The experience of role transition in acute care nurse practitioners in Taiwan under the collaborative practice model

Wei-Chin Chang, Pei-Fan Mu, Shiow-Luan Tsay
Journal of Nursing Research: JNR 2006, 14 (2): 83-92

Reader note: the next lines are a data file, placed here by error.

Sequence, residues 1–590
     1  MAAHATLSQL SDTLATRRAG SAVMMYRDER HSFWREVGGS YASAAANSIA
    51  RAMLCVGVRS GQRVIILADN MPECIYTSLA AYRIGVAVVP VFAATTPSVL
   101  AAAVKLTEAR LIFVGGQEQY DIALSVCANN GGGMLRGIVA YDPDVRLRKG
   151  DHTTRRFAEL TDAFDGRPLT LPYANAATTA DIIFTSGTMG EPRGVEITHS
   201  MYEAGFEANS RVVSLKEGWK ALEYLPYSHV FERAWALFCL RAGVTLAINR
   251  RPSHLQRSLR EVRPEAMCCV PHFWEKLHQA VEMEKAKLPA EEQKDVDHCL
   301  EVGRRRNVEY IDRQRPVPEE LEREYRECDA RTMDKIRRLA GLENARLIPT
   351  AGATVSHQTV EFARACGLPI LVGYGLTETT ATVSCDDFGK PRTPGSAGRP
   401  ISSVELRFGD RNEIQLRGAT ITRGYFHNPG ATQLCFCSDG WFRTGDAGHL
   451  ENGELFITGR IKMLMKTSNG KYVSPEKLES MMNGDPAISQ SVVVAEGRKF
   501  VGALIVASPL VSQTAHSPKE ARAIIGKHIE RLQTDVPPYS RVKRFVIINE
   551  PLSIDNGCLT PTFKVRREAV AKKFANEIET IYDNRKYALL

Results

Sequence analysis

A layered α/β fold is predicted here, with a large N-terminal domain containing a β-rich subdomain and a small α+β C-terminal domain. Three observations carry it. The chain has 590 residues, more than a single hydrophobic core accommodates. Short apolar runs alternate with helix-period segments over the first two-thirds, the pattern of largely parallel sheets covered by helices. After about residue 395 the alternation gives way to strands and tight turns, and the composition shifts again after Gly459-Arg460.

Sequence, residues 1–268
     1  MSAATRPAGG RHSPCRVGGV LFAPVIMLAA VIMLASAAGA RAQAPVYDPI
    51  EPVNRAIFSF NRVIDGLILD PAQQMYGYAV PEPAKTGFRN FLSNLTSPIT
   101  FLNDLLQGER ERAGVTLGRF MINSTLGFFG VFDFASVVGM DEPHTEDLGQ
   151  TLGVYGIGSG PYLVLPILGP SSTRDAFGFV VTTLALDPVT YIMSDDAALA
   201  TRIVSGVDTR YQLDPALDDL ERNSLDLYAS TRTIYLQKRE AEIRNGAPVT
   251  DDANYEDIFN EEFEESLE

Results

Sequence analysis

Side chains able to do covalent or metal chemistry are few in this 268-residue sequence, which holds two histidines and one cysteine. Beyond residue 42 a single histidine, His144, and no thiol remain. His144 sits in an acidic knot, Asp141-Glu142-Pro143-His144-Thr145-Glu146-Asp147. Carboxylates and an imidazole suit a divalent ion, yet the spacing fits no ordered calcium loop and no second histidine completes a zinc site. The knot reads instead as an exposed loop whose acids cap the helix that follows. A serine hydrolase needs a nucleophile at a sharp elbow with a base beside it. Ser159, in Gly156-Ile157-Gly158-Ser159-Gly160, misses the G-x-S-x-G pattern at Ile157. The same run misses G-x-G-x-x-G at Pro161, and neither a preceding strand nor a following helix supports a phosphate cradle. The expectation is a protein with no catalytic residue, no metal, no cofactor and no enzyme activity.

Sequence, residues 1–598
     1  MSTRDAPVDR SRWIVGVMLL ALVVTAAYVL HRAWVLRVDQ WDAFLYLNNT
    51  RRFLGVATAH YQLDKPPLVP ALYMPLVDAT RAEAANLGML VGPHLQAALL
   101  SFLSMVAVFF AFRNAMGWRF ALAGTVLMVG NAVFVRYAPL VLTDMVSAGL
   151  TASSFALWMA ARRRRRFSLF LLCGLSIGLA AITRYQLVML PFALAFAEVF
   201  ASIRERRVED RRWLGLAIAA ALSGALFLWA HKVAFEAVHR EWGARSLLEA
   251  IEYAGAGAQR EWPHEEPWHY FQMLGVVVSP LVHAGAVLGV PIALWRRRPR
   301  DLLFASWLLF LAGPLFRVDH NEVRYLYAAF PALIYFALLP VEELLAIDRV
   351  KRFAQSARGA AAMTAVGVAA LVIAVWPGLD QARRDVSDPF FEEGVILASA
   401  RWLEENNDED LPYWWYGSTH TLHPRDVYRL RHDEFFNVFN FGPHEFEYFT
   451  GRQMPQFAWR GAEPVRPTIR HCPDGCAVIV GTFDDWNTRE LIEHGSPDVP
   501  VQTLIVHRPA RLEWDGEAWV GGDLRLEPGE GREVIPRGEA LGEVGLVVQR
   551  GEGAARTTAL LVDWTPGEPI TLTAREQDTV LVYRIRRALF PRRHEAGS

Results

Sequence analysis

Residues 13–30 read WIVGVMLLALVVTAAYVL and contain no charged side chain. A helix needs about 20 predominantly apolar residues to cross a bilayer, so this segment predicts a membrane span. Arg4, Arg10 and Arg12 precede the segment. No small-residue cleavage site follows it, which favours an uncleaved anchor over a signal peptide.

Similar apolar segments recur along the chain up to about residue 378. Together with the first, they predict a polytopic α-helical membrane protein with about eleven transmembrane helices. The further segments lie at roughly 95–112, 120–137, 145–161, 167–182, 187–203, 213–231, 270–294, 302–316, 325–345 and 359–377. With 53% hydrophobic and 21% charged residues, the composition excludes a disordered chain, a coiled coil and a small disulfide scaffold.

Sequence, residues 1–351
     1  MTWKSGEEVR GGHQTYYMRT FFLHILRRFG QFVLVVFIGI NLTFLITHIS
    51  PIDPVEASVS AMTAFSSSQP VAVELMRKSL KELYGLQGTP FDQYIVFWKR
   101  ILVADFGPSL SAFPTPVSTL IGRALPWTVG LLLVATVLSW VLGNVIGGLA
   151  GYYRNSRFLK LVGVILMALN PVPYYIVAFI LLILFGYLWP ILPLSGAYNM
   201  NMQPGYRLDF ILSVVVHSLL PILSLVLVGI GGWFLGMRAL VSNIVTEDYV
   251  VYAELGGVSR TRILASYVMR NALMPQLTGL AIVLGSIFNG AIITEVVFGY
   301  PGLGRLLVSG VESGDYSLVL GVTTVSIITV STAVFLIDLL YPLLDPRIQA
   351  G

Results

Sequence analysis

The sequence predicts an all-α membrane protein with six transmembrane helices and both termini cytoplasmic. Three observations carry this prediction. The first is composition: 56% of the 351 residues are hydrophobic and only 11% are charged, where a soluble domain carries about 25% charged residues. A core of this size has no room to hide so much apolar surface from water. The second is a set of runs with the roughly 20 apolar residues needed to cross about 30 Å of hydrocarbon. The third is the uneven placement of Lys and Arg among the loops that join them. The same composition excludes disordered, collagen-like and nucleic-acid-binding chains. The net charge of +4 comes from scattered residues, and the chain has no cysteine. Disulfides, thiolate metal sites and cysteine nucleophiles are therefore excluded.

The role of the acute care nurse practitioner in Taiwan has changed significantly since the 1990s due in significant part to a shortage of interns and resident physicians in acute care settings. The first year of professional practice represents an important transitional year during which new professionals develop their competency to provide high-quality care to hospitalized patients. As the actual experience of individuals undergoing this transitional process into their new role has yet to be fully explored, this research studied and categorized the experiences of acute care nurse practitioners during their first year of role transition under the collaborative model of practice. We used a qualitative inquiry method with in-depth interviews to investigate the relevant experiences of 10 acute care nurse practitioners working at a medical center in Taiwan. Results show that the experience of expert nurses in their transition to acute care nurse practitioners passed through three phases during the first year under the collaborative practice model. These phases include the role ambiguity, role acquisition, and role implementation phases. Each phase contained a set of sub-themes which describe the multiple dimensions of this experience. This study highlights the experiences, stresses and accomplishments of acute care nurse practitioners during their initial year of advanced practice.

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